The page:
# Show that sets of maximum random variables is measureable

Given $$X_1,...,X_n$$ independent and identically distributed real-valued random variables on the probability space $$(\Omega,\mathbb{F},P)$$, I have to show that: $$(\max\{X_1,...,X_n\} \to \infty)\in\mathbb{F}$$ I have tried to give an answer below, however, I am unsure whether the argumentation is correct - especially regarding taking the maximum and using $$\cup$$ instead.

We know that the random variable can be written as: $$X:\ \Omega \to \mathbb{R}$$ and by definition it fullfills: $$X^{-1}((-\infty,c]) = \{\omega \in \Omega : X(\omega) \leq c\} \in \mathbb{F}$$ I will start by looking at the sets for a given sample of random variables with $$n$$ elements: $$\{ \omega : \max\{X_1(\omega),...,X_n(\omega)\}\leq c\ |\ \omega \in \Omega \}$$ So I can write $$\{X_1(\omega)\leq c\ |\ \omega \in \Omega\}\land...\land\{X_n(\omega)\leq c\ |\ \omega \in \Omega\}=\bigcap_{i=1}^n \{X_i(\omega)\leq c\ |\ \omega \in \Omega\},$$ and as $$c\in\mathbb{R}$$ can be arbitrary large, and that every random variable is measurable as it lives on the probability space, it must be true that $$(\max\{X_1,...,X_n\} \to \infty)\in\mathbb{F}$$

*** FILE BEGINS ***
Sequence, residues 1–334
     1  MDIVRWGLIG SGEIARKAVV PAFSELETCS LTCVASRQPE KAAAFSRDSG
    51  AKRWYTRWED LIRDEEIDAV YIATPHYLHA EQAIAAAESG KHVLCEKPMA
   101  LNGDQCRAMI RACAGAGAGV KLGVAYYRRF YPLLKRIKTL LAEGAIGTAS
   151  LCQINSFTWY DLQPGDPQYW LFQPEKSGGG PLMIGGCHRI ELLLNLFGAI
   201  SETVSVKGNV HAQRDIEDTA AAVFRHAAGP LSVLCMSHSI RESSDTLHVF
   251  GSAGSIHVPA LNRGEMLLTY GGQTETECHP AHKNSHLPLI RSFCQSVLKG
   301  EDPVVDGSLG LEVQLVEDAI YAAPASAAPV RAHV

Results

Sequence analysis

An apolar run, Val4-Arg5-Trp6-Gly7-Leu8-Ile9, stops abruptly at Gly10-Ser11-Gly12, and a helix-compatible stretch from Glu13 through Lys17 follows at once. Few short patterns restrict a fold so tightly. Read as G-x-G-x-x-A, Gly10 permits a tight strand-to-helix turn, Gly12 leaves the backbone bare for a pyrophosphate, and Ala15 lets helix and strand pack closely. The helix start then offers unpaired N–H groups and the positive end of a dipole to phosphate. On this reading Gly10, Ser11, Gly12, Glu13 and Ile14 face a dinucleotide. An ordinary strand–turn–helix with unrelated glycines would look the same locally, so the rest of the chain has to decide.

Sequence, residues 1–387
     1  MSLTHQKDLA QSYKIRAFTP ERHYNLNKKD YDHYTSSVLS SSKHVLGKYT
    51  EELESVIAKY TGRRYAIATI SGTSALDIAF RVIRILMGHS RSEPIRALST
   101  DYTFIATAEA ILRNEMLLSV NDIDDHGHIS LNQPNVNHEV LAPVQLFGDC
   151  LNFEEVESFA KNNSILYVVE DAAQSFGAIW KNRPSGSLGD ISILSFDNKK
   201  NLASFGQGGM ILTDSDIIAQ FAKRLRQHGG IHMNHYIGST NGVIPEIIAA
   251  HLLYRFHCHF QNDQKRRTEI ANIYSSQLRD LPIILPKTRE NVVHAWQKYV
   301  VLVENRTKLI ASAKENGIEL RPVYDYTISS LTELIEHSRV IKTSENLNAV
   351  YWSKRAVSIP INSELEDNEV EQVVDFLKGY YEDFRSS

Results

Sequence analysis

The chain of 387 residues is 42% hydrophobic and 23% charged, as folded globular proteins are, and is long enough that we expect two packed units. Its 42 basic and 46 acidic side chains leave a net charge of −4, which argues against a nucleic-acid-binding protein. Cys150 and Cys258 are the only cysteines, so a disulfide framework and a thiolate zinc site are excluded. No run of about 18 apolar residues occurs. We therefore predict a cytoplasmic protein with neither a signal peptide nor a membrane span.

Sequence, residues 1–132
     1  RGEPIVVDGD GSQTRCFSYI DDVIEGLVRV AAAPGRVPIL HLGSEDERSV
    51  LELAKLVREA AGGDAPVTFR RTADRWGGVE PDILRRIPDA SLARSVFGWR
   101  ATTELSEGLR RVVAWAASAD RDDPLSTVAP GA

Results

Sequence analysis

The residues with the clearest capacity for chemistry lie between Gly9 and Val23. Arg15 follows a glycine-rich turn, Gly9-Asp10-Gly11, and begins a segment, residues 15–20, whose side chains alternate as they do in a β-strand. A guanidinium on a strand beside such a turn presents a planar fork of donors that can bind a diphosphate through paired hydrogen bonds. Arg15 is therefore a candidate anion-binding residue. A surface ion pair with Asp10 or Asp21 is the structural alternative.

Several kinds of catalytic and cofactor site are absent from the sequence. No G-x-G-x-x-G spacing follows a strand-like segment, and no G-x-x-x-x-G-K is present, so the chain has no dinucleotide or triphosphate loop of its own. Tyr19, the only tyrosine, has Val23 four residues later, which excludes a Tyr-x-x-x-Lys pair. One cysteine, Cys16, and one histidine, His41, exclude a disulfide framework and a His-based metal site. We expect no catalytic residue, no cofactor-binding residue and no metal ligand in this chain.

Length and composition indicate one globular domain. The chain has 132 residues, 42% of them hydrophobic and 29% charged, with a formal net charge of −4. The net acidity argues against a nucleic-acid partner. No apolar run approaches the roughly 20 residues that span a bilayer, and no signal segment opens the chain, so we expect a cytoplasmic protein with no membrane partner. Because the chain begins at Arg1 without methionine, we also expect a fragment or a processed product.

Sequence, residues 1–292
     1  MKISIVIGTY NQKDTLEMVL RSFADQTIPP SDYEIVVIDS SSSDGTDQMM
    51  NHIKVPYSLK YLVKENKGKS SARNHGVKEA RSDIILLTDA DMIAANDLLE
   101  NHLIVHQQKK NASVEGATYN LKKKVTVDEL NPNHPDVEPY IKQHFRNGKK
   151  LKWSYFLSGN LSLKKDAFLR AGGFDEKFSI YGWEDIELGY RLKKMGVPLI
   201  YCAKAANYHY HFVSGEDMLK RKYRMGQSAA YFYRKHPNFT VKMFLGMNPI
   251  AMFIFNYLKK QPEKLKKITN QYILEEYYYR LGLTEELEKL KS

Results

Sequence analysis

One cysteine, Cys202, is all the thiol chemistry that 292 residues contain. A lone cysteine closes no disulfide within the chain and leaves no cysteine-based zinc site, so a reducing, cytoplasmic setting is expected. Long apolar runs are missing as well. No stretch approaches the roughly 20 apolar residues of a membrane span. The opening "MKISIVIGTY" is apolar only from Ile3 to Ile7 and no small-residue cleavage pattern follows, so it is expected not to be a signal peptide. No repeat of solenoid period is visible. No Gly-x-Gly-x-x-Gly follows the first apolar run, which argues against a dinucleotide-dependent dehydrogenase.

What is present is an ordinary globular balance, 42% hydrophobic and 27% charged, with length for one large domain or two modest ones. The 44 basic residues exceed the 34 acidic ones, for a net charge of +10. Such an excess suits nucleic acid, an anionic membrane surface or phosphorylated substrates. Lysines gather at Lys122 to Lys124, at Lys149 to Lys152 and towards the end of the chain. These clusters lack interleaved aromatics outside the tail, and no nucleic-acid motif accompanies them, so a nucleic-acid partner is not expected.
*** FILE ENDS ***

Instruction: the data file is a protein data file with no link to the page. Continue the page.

• I don’t see how the last part follows, at least not without doing a couple nontrivial extra steps. Commented Sep 14, 2019 at 19:36
• @spaceisdarkgreen any hints to what these nontrivial steps are? Commented Sep 15, 2019 at 4:22

I'm guessing you have a countable collection $$X_1, X_2, \ldots$$ of random variables; otherwise $$(\max\{X_1,\ldots,X_n\}\to \infty)$$ is hard to make sense of.
Note that $$\{\lim_{n\to \infty} \max\{X_1,\ldots, X_n\}= \infty\} = \Omega \setminus \{\lim_{n\to \infty} \max\{X_1,\ldots, X_n\} < \infty\}$$ and \begin{align} \{\lim_{n\to \infty} \max\{X_1,\ldots, X_n\} < \infty\} & = \cup_{N=1}^{\infty}\{\lim_{n\to \infty} \max\{X_1,\ldots, X_n\} < N\}. \\ & = \cup_{N=1}^{\infty} \{\max\{X_1, X_2\ldots\} < N\} \\ & = \cup_{N=1}^{\infty} \cap_{n=1}^{\infty}\{X_n < N\} \end{align}